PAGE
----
.Each of the commutator thyratron units has an output connection to suitable mechanism for controlling the distribution of articles to be sorted such as ejector or trip pan mechanism. As shown, the commutator thyratron unit 2711i has an output connection to a trip pan solenoid 186 adapted to retract a trip pin 183. The second lane thyratron unit 275 has a trip pin solenoid 138 adapted to retract the trip pin 184 and the commutator-thyratron unit 276 has a trip pin solenoid 188 adapted to retract the trip pin 185. The trip pins 183, 184, 185 serve the same purpose as illustrated in FIG. 3 of my parent application and the remainder of the classifier apparatus need not be illustrated herein.
A. simple form of propoitioning mixer for cases where an adjustable slope lai-chromatic characteristic line is required without horizontal or vertical segments is illustrated in FiG. 2. in connection with the second lane for example, the mixer potentiometer 255 is connected between the cathode 282 (FIG. 2) of the red light-trip cathode follower idR and the cathode 283 of the green light-trip cathode follower 16G, assuming light-trip operation in both color channels is desired. Although, for simplicity, in FIG. 1, simple potentiometers 277, 278, 279 are connected between the proportioner taps 264, 268 and 273, and the thyratron units 274, 275 and 276, preferably, cathode followers are interposed. For example, a cathode follower stage 284 is interposed between the proportioner tap 268 and the control grid 58 of the selector thyratron 18. It will be understood that if either of the amplifiers were to be operated dark-trip instead of light-trip, the corresponding end of the resistor 255 would be connected to the cathode of the dark trip cathode follower 1ER or 15G, as the case may be,
6 instead' of as shown in FIG. 2. Reference numerals FIG. 2 of the present application represent elements having the same reference numerals in the drawings of the parent application with the suflix letters R or G added where suitable to designate the elements of the amplifier for the red or green light beams.
The cathode follower 284 includes a thermionic discharge tube 285, which may take the form of a triode, having an anode connected to the positive side ofthe voltage supply, a control electrode 286` connected to the proportioner tap 268 and a cathode 287 connected through a potentiometer resistor 278 to the negative side of the voltage supply. The resistor 278 serves both as a cathode resistor for the cathode follower tube 285 and as a potentiometer, having an adjust-able tap 281 to provide a magnitude setting in the apparatus. The tap 281 is connected to the control grid 58 of the selector thyratron 18. may be used in connection with the commutator thyratron units 274 and 276. i I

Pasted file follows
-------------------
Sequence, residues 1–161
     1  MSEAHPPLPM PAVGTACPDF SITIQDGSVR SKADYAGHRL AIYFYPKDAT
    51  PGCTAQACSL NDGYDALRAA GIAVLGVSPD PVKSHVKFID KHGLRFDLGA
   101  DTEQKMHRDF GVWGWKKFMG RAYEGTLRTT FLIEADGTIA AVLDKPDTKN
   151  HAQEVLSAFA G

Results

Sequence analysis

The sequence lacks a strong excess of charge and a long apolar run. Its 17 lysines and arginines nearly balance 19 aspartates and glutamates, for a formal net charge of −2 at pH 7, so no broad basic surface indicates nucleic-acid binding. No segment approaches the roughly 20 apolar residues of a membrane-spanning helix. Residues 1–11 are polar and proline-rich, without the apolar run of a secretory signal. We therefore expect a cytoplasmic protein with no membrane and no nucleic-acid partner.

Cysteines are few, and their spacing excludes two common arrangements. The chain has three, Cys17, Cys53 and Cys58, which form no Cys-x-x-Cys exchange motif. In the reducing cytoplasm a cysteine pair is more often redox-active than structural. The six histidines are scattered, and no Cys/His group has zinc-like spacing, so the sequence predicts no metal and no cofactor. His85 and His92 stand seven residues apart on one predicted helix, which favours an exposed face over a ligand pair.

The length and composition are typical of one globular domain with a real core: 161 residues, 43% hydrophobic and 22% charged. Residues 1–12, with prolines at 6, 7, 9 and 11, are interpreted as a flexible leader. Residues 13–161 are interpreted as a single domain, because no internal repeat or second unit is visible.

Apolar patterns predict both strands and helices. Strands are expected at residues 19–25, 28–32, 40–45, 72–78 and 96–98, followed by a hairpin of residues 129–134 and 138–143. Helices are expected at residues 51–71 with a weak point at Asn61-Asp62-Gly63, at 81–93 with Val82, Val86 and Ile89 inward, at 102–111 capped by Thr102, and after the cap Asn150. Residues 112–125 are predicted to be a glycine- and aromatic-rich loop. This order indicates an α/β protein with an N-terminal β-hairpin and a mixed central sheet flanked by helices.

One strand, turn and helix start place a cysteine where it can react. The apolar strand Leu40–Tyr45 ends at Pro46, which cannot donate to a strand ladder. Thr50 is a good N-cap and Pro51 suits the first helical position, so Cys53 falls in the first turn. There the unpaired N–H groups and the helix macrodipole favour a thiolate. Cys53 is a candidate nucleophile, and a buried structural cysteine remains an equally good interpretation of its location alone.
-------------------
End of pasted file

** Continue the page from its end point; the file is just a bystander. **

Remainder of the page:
When it is desired to increase the degree of selectivity of the sorting apparatus by introducing horizontal or vertical line segments in the output characteristic, a `limiter is interposed in the output lines from one or both of the linear amplifiers 253B` and 253G. This may be ac- -complished as illustrated in FIG. 3. `For example, in the case of the second channel, the proportioner resistor 265 is connected as before tothe cathodes 282 and 283 of the cathode followers 16K and 16G for light-tripoper'ation and 1ER and 15G for dark-trip operation.` For simplicity the light and dark trip switches and the darle-trip connections are omitted in the circuit diagrams of FIGS. 2 and 3. As explained in connection with the parent application, in FIG. l thereof, the control grid voltage for the output cathode follower is derived from the anode of a pentode stage (pentode 13 or 14 of parent application Serial No. 294,427). Such stages are represented in FIG. 3 of this application for the two color n MSG. In the case of the cathode follower 16R the v*limiter takes the form of a diode 293 having an anode 294 connected to the control grid 291 and a cathode 295 connected to a suitable point of potential corresponding to the maximum potential to which the control grid 291 is to be driven, thus preventing the grid-291 from going more positive than the value for which the apparatus .is adjusted. Preferably, however, in order to supply acontrol point which will supply adequate current'withoutrequiring a voltage divider drawing excessive current; jfroin connected to the control grid 382 of the cathode follower y tube 296. For the green-light or vertical output Vthere is a similar limiting unit including a diode 388 and 'alirriit setter cathode follower 383 and associated elementsgfor performing these functions as is in connection-fwiththe horizontal or red input.